Treatment of a Same-Day Trauma using EMDR & Hypnosis

by Jonathan Marshall, PhD

Kate Bike.png

The Challenge of Treating Recent Trauma

“I’ve just been hit by a car. Please help!” Understandably the caller, Kate, hoped that as a psychologist I would be able to help her with her distress. Unfortunately, we still don’t have conclusive research on how to treat a recent trauma, yet alone an event that occurred only a few hours prior. We were taught to encourage survivors to discuss their experience and “get it out of their system.” The American Psychological Association has since condemned the practice of psychological debriefing, stating it has “no research support” and is “potentially harmful.” Sadly, our lack of clarity around what to do, doesn’t help the 10%-20% of people who go on to experience post-traumatic stress disorder (PTSD).

Faced with this situation, I used a combination of eye movement desensitization and reprocessing (EMDR) and clinical hypnosis. Kate’s initial distress cleared and for the following 11 days since then, she describes herself as thriving. She is free of depressive symptoms [1] and the impact of the accident appears to be minor [2]. I offer this case study to help us consider ways of working with very recent events.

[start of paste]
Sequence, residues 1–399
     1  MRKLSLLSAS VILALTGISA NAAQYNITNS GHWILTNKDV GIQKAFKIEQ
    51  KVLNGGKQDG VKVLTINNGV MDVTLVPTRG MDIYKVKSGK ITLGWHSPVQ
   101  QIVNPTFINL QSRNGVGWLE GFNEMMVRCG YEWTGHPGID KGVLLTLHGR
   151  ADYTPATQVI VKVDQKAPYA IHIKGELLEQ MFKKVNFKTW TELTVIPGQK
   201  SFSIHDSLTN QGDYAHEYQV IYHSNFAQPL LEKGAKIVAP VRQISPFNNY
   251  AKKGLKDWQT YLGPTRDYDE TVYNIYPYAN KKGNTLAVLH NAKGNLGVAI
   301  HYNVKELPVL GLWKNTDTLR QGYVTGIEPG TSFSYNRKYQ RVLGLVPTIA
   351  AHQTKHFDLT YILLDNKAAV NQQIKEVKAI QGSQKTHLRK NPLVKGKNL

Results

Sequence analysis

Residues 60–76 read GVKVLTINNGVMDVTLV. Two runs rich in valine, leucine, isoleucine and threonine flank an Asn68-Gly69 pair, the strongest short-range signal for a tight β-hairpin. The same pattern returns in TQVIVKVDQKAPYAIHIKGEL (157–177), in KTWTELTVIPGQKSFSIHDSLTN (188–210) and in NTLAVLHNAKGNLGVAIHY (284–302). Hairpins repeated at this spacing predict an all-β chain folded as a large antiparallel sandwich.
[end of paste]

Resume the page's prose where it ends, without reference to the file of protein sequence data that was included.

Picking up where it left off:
Kate [3] is an accomplished ultra-athlete and was preparing for a multi-day sporting event. Bruised and cut, she was panicky, agitated, and despairing. The trauma of motor vehicle accidents like Kate’s can leave a person with nightmares, flashbacks, feelings of helplessness, numbness, and avoidance of things that remind them of the accident. These can last days, weeks or much longer. Immediately after her accident, Kate also experienced a sense of humiliation and despair because none of the many onlookers tried to help. While that memory may have been more manageable at another time, in her state of vulnerability, it was a source of considerable distress and increased my concern that her recovery may not be easy. What follows is her description of our two-hour session.

Written by Kate

Yesterday I got hit by a car. I was sent flying across two lanes of oncoming traffic, hit the ground and then my bike landed on me. I was fortunate not to be hit by a second car when I landed. By the time I limped to the sidewalk, the guilty car had sped away, and the pedestrians who had watched the whole scene had resumed their journeys, unconcerned. Though my hands were shaking badly, and my heart was racing, I couldn’t feel any physical pain. I was in shock. I felt so alone and utterly miserable.

When I got home, I wandered aimlessly, unable to focus on anything other than what had just happened. I then realized that my hands and knees were bleeding. But, to my dismay, there was no sensitivity in the wounds. I poked at them and felt nothing at all.